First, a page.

That’s how it looks to me. As I submitted to the TTC meeting last Thursday, while TTC chair Adam Giambrone talks endlessly about the importance of electronic communications,

  • TTC has still not bothered to start up its own in-house Web department.
  • As such, it throws good money after bad at one company, Devlin, while starving another company.
  • The whole budget could be divided at least in half if the work were taken in-house. But that would require admitting a mistake, something the Commission never does under any circumstances.

For last week’s meeting, TTC released a proposal (PDF) to funnel millions of dollars – without a tender – to Devlin. It turns out Devlin has been lavishly paid for its work already, very much over and above amounts previously disclosed.

TTC has a miniature MFP scandal on its hands, I contend.

How Devlin got crowned king

In 2008, TTC launched a contentious RFP for Web development. 15 companies bid, with totals ranging from $109,000 to $990,000. Only one bid was deemed compliant, that of Devlin, which bid about $432,000 – $57,000 over TTC’s budget.

I read each company’s bid documents. I know one reason other firms were deemed noncompliant was their refusal to quote costs for some of the more ridiculous requirements, like a Web site that talks. There were other disqualifications, but only Devlin met all criteria.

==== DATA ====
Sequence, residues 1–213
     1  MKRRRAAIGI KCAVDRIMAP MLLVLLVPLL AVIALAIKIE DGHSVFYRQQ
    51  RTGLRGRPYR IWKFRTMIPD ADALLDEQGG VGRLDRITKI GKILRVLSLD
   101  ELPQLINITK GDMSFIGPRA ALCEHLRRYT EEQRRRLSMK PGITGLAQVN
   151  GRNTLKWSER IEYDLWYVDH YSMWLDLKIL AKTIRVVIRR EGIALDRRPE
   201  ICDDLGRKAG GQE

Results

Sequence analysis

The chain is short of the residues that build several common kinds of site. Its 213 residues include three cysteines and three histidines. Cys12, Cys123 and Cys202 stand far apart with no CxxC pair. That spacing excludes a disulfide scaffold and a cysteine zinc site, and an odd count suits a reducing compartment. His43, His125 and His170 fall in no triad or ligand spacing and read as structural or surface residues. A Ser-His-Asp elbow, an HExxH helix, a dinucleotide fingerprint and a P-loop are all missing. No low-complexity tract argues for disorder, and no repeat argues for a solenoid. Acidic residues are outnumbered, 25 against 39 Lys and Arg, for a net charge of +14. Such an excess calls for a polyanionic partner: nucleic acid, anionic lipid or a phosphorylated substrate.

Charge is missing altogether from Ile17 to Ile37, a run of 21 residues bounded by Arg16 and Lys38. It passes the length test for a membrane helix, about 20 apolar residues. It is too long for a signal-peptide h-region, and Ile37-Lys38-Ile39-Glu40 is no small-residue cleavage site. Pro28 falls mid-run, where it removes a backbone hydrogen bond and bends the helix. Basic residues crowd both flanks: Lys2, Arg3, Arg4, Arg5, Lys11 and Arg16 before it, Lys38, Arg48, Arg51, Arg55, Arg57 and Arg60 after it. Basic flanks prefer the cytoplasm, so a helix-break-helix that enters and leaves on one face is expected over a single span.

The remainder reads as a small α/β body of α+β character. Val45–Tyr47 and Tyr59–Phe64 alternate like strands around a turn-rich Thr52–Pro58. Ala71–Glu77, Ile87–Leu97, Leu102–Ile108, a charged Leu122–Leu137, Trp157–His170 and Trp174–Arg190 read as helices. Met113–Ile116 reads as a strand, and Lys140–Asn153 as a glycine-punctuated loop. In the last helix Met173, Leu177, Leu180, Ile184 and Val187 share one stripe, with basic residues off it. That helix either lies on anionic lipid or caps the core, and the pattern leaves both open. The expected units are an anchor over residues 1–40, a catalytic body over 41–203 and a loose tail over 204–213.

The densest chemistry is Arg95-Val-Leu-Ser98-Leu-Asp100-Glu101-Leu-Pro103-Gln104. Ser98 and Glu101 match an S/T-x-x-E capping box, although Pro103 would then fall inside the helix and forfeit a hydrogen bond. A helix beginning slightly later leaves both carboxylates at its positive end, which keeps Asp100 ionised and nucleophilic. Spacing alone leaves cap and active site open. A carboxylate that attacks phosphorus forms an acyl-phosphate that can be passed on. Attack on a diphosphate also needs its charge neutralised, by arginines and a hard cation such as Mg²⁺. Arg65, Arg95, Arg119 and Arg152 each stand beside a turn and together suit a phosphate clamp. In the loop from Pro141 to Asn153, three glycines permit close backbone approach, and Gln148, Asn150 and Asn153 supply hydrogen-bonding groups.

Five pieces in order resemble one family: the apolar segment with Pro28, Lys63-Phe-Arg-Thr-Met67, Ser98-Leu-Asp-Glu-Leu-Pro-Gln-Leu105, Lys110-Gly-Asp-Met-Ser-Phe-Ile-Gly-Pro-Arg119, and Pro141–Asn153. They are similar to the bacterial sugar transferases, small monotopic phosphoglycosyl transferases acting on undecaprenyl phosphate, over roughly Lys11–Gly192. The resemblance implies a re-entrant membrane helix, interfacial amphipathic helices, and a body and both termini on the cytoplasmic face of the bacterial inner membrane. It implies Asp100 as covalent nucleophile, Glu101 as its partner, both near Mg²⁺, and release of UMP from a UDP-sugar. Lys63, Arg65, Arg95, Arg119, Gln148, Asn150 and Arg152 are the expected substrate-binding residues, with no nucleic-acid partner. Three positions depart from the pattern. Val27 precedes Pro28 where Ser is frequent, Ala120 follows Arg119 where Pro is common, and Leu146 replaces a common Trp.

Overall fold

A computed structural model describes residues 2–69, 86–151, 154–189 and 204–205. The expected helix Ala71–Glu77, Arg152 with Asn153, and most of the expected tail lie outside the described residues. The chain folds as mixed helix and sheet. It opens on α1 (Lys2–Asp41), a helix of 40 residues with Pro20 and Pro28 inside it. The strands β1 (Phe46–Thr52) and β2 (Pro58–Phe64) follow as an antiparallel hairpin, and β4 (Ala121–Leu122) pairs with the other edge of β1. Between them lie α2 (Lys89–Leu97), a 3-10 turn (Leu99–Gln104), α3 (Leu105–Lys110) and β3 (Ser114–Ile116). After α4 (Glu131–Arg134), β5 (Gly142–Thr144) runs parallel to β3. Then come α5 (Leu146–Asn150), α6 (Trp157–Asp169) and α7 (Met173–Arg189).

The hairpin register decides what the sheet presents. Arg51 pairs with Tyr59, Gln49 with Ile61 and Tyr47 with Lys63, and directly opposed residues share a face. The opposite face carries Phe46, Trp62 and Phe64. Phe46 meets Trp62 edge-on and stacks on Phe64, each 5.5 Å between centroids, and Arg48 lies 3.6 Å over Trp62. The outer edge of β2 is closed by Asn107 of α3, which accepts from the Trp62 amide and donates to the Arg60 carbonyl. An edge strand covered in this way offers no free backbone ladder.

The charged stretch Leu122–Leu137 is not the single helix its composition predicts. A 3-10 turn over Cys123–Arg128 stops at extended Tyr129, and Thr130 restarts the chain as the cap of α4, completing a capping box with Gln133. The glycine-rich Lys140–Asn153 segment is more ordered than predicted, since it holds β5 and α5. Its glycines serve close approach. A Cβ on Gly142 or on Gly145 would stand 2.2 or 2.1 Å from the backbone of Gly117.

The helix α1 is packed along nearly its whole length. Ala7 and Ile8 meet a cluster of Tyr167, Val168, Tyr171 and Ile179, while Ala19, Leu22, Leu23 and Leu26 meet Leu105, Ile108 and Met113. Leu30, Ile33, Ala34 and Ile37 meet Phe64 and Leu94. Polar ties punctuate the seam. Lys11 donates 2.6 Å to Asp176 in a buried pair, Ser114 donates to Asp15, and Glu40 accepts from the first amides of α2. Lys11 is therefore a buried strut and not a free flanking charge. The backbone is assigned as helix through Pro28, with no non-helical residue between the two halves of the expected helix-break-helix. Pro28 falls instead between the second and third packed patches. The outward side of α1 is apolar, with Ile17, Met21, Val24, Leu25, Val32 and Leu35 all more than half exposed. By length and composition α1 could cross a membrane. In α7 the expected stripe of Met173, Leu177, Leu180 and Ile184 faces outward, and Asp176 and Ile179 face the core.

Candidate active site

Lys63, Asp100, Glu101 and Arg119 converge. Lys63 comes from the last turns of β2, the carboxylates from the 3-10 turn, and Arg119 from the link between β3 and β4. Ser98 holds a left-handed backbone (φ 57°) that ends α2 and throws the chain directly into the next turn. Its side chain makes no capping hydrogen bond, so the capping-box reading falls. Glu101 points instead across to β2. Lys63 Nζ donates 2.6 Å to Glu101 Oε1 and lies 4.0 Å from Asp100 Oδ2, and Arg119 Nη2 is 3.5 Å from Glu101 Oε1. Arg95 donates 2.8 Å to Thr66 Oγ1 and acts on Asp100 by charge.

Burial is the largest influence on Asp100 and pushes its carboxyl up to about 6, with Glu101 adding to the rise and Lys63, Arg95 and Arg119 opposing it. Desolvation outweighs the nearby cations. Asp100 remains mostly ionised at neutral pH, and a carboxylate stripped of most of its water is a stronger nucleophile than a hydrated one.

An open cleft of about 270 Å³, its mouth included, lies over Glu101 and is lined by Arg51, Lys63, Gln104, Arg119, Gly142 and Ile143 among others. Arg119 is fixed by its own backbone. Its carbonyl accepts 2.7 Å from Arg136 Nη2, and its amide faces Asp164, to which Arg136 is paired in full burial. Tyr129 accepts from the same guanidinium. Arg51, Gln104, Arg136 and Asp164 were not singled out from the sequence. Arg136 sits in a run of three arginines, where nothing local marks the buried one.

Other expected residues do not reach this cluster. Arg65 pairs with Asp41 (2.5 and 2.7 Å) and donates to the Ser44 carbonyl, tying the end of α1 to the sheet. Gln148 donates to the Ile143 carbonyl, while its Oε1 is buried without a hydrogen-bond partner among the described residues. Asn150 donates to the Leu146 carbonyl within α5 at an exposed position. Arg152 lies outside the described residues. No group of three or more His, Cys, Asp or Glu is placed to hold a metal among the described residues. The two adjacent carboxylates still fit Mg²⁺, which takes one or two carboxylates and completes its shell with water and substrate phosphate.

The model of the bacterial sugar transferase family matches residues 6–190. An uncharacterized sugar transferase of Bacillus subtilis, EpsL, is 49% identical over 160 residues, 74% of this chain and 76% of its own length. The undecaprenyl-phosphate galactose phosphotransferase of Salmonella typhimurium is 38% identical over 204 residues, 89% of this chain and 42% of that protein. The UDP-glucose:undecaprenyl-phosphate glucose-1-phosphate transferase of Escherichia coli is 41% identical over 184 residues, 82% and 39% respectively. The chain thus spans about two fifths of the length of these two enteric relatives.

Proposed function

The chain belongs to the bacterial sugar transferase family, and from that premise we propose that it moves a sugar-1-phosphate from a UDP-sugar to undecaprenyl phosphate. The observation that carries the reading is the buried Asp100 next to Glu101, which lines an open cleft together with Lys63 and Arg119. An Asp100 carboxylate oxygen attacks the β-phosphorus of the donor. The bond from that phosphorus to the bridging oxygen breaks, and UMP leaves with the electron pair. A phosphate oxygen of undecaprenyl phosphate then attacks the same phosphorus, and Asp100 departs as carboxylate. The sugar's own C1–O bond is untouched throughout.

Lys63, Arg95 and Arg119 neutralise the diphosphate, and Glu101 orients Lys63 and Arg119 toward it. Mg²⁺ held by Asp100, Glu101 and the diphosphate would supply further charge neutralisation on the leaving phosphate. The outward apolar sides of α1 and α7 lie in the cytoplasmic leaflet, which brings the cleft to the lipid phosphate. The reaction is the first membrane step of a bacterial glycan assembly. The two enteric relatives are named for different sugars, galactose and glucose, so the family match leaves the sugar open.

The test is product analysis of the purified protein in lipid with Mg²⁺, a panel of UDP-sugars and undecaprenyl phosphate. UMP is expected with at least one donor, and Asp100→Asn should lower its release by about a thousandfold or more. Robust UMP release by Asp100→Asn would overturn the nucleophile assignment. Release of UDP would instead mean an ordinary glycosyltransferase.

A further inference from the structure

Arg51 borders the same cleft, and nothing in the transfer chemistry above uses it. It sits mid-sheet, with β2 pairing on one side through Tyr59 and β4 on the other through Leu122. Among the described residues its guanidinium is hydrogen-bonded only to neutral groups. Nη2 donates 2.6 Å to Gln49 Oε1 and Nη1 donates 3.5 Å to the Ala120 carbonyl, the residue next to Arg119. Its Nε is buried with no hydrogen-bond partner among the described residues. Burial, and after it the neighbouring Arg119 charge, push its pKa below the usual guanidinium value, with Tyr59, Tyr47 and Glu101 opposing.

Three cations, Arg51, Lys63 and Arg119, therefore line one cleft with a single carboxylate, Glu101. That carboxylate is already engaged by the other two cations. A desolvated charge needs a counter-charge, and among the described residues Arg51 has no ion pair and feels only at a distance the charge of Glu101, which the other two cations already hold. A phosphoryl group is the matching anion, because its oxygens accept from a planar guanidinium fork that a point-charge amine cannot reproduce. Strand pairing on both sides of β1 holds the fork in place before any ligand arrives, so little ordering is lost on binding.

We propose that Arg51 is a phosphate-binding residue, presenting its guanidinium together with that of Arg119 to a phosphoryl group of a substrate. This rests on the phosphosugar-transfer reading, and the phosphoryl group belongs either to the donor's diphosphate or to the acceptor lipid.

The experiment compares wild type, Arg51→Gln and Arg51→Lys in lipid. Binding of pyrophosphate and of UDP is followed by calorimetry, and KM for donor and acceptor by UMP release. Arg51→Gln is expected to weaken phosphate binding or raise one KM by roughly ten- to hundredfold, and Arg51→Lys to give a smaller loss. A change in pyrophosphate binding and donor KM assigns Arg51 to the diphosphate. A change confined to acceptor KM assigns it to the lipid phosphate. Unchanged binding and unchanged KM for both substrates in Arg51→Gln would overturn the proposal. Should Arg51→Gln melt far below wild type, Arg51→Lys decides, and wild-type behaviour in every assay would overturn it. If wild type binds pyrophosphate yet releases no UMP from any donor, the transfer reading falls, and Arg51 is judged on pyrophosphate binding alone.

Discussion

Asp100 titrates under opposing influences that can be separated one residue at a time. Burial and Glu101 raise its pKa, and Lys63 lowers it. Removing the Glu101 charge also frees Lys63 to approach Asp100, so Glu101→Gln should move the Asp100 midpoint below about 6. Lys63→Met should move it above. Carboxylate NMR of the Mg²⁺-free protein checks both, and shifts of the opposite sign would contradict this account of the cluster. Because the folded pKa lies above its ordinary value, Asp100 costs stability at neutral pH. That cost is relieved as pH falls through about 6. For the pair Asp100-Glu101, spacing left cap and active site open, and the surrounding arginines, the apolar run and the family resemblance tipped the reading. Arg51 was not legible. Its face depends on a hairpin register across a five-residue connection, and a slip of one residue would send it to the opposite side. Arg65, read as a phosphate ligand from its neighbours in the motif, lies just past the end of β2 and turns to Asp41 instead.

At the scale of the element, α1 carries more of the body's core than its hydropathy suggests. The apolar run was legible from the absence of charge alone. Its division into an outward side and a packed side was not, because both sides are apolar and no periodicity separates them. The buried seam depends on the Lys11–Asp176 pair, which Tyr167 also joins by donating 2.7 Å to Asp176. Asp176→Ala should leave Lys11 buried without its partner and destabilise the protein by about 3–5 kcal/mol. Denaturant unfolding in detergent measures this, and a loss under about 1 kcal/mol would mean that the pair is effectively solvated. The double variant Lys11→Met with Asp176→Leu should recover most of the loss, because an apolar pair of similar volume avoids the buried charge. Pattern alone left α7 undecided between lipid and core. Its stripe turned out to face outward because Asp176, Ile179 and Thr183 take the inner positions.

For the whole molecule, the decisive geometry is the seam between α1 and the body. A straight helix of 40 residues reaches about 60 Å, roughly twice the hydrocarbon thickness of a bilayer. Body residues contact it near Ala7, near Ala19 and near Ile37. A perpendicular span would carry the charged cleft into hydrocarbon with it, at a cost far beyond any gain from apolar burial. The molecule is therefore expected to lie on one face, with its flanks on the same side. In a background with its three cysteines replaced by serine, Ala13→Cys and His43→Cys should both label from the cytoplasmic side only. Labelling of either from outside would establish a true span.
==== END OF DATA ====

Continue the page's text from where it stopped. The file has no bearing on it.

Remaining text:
Cost overruns

  • TTC’s report discloses that this $432,000 contract has bloomed to $591,271.60. That already puts Devlin up $159,271.60.

  • A separate maintenance contract is worth $190,929.50. (TTC report: “The total value of the above work is $782,201.10.”)

At this point, TTC has now spent more than twice as much as it originally intended to spend on Web development ($375,000). But we’re not done yet.

  • Devlin was then handed a contract worth $347,092.88, then yet another contract that itself ballooned from $225,000 to $425,000.

  • To here, then, Devlin has been authorized to bill TTC $1,270,201.10. TTC is now spending 3.2 times as much as it originally intended.

  • The report proposed to reward Devlin further with new contracts for $700,000, $400,000, $100,000, and $200,000. When that’s all done, Devlin will have billed TTC over $2.6 million for a project originally budgetted at $375,000.

Meanwhile, another vendor gets squeezed

It is understood that TTC is not entirely satisfied with Devlin but feels under pressure, perhaps by our Internet-minded chair, to get on with things. But Devlin didn’t win every single Web-related contract. A rival company, Tiny Planet, was granted a contract for E-commerce.

This desperately needed function was budgetted for an initial $165,000 (1/15 what Devlin will ultimately bill); there’s another $100,000 for maintenance (also allotted to Tiny Planet) in the project, whose total budget is $800,000. But TTC did to this contract what the provincial government later did to Transit City and postponed it last year.

So Devlin gets bigger while Tiny Planet gets tinier. (Nice work if you can sole-source it.) And we still won’t be able to buy a Metropass online. Better line up to hand $121 cash to the single available collector at Dufferin station. (No pictures!)